The longstanding copyright dispute regarding Led Zeppelin’s classic “Stairway to Heaven” has finally been resolved. After a day of deliberations, a jury in Los Angeles found that the band did not plagiarize Spirit’s song “Taurus”.
The trial, which began back on June 14th, saw the attorneys representing the estate of Spirit founder Randy “California” Wolfe go head-to-head with Zeppelin, accusing them of lifting the Spirit song “Taurus”, which was written and recorded in 1967. In the time between then and the recording of “Stairway to Heaven” in 1971, Zeppelin shared the stage with Spirit. Guitarist Jimmy Page acknowledged that Spirit may have influenced his writing of the song, but called accusations of plagiarism “ridiculous.”
Jury members had much to consider while determining their verdict, as Rolling Stone reports. The main attorney for California’s estate, Francis Malofiy, emphatically represented his plaintiff, telling the court, “This case is about copying. Give. Credit. Where. Credit. is Due.” He also called upon expert witnesses who supported presiding US District Judge R. Gary Klausner’s April findings, saying both “Taurus” and “Stairway” possess “substantial similarity…that is memorable and unique.”
Additionally, Malofiy made it a point to attack Zeppelin members Page and Robert Plant — who both took the stand — claiming they had “a selective memory” and seemed to forget the many interviews they gave in the early ’70s in which they expressed their appreciation for Spirit’s music. He also brought up the fact that Page owned five Spirit albums, including the 1968 self-titled LP which contained “Taurus”, and suggested that, because Page was a seasoned session musician who often played other artists’ music, his ability to pen original material was “compromised.”
Zeppelin’s counsel, Peter Anderson, did his part in defending Page and Plant, repeatedly emphasizing the testimony of musicologist Lawrence Ferrara. The esteemed expert concluded that, aside from comparable elements, “Taurus” and “Stairway” shared “no substantial similarity.”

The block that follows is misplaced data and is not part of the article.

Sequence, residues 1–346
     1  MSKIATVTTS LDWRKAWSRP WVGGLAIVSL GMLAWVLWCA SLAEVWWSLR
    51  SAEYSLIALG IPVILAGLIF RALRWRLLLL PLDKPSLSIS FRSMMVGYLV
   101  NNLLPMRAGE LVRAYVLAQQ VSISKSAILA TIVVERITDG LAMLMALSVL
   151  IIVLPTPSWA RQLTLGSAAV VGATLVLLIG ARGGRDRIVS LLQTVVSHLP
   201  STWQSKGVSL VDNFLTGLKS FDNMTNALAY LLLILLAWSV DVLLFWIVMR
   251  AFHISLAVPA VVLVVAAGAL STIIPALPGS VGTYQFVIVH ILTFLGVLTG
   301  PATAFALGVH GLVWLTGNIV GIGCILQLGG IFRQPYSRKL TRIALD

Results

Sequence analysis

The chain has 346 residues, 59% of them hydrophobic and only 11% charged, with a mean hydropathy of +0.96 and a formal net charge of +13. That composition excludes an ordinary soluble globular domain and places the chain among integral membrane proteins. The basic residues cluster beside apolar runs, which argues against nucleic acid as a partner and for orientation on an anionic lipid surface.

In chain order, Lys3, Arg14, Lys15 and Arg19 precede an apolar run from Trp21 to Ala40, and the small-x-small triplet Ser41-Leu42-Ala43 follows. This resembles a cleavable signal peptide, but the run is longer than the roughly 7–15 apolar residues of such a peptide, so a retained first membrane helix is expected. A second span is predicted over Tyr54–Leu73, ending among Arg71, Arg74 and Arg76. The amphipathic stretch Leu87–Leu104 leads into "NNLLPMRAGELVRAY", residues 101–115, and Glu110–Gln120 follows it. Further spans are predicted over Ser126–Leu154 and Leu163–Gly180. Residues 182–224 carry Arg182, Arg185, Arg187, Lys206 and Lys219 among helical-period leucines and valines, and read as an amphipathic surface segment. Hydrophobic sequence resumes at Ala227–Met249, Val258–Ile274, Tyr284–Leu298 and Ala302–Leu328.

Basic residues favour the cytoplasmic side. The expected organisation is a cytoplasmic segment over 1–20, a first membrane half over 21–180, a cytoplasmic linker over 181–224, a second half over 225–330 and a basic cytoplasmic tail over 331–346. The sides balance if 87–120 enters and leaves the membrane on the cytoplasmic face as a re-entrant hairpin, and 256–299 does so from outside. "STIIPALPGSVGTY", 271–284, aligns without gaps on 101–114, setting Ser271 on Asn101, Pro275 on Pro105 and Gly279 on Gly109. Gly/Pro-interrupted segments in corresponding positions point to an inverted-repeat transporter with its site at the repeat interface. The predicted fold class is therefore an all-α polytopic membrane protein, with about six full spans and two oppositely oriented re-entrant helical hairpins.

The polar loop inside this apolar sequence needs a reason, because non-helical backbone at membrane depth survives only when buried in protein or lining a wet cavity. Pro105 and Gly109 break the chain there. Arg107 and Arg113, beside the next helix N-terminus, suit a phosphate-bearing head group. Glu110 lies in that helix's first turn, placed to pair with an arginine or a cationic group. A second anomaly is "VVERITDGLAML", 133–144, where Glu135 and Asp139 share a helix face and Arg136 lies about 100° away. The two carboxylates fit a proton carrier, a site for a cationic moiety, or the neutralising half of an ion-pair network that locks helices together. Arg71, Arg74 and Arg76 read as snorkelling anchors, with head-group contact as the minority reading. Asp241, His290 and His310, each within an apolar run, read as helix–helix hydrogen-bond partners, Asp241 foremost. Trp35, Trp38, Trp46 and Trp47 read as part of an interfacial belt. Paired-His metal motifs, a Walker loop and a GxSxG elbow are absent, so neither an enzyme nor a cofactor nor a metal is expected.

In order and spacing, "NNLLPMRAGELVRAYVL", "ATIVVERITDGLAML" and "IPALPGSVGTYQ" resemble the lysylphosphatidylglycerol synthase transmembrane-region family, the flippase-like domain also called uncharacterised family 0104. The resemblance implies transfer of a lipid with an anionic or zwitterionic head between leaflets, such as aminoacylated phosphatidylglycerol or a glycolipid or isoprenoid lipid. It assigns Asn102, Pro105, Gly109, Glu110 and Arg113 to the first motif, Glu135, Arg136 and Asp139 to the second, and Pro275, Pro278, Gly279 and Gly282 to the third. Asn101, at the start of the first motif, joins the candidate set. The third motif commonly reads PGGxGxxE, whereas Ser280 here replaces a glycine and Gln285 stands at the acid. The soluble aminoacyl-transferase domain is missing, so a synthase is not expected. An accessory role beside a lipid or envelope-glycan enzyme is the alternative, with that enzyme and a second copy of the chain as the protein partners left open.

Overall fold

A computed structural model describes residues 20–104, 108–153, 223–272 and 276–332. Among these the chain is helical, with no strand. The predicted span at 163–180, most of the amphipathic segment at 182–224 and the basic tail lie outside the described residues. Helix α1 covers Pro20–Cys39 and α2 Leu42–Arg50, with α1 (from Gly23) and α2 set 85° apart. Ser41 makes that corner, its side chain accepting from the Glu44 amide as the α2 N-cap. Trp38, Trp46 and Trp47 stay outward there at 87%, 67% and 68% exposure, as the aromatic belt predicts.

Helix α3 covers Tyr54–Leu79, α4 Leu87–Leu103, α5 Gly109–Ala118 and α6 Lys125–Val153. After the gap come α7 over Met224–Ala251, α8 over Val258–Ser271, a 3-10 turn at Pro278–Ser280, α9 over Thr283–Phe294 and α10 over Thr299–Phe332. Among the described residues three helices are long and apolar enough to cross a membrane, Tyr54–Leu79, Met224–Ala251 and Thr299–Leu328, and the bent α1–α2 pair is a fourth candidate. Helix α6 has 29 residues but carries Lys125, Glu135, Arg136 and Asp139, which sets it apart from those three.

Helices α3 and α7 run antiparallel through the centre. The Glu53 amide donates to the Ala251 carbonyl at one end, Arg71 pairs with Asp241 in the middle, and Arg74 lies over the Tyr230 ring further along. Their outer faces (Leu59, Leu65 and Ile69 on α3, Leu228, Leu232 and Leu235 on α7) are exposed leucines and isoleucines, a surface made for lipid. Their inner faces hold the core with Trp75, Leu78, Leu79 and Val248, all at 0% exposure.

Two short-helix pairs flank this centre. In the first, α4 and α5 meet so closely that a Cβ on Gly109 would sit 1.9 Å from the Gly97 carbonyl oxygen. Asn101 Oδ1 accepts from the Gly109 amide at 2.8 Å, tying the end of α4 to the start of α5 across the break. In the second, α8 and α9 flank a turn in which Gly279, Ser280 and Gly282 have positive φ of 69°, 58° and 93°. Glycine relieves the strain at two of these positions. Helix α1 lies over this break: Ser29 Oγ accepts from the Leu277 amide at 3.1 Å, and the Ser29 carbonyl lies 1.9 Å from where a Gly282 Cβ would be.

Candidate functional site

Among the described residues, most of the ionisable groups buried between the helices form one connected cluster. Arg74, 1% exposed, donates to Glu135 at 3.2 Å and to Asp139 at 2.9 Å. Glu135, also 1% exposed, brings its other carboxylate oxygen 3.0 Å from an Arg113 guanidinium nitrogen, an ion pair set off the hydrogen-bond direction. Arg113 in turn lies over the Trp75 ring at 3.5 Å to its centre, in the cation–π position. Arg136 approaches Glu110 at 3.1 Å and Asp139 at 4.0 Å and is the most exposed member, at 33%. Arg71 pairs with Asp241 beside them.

Anderson also refuted Malofiy’s claims that Zeppelin members had access to Spirit’s recordings. Specifically, he highlighted evidence that “Taurus” was never played at a critical 1970 Spirit concert in Plant’s Birmingham hometown, nor was Plant even in attendance that night. Anderson also argued that Page and Plant’s foggy memory regarding the song’s creation can simply be chalked up to time — it’s been almost 50 years since “Stairway” was first released.
The estate for California was seeking monetary compensation as well as a songwriting credit. According to Malofiy and his economist Dr. Michael Einhorn, the assessed damages totaled “somewhere in the middle” of $10 million in alleged gross profits. Ironically, the lawsuit only came to a head after Zeppelin reissued “Stairway to Heaven” in 2014. Prior to that, the case fell outside the state of limitations.
In a statement issued following the jury’s ruling, Page and Plant said, “We are grateful for the jury’s conscientious service and pleased that it has ruled in our favor, putting to rest questions about the origins of ‘Stairway to Heaven’ and confirming what we have known for 45 years. We appreciate our fans’ support, and look forward to putting this legal matter behind us.”
Warner Music also celebrated, saying: “At Warner Music Group, supporting our artists and protecting their creative freedom is paramount. We are pleased that the jury found in favor of Led Zeppelin, re-affirming the true origins of ‘Stairway to Heaven’. Led Zeppelin is one of the greatest bands in history, and Jimmy Page and Robert Plant are peerless songwriters who created many of rock’s most influential and enduring songs.”
Compare the two songs in the video below: